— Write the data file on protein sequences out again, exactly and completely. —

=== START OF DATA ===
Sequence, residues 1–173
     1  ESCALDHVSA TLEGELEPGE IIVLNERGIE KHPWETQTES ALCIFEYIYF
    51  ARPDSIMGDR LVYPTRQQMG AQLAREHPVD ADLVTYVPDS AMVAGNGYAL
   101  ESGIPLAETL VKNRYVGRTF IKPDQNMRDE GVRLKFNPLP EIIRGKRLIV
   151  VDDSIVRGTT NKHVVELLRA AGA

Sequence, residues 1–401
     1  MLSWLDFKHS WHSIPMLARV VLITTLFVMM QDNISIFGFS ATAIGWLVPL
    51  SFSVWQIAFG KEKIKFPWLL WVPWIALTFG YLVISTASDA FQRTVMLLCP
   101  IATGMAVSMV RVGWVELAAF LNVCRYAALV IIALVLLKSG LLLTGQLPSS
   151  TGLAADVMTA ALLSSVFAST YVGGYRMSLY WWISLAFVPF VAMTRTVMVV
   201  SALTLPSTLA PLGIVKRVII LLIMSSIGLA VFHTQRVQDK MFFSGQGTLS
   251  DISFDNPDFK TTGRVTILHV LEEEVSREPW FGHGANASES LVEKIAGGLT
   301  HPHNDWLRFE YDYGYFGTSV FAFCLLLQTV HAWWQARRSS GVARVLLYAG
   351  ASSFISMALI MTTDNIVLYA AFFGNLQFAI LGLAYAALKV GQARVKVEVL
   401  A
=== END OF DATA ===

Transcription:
Sequence, residues 1–173
     1  ESCALDHVSA TLEGELEPGE IIVLNERGIE KHPWETQTES ALCIFEYIYF
    51  ARPDSIMGDR LVYPTRQQMG AQLAREHPVD ADLVTYVPDS AMVAGNGYAL
   101  ESGIPLAETL VKNRYVGRTF IKPDQNMRDE GVRLKFNPLP EIIRGKRLIV
   151  VDDSIVRGTT NKHVVELLRA AGA

Sequence, residues 1–401
     1  MLSWLDFKHS WHSIPMLARV VLITTLFVMM QDNISIFGFS ATAIGWLVPL
    51  SFSVWQIAFG KEKIKFPWLL WVPWIALTFG YLVISTASDA FQRTVMLLCP
   101  IATGMAVSMV RVGWVELAAF LNVCRYAALV IIALVLLKSG LLLTGQLPSS
   151  TGLAADVMTA ALLSSVFAST YVGGYRMSLY WWISLAFVPF VAMTRTVMVV
   201  SALTLPSTLA PLGIVKRVII LLIMSSIGLA VFHTQRVQDK MFFSGQGTLS
   251  DISFDNPDFK TTGRVTILHV LEEEVSREPW FGHGANASES LVEKIAGGLT
   301  HPHNDWLRFE YDYGYFGTSV FAFCLLLQTV HAWWQARRSS GVARVLLYAG
   351  ASSFISMALI MTTDNIVLYA AFFGNLQFAI LGLAYAALKV GQARVKVEVL
   401  A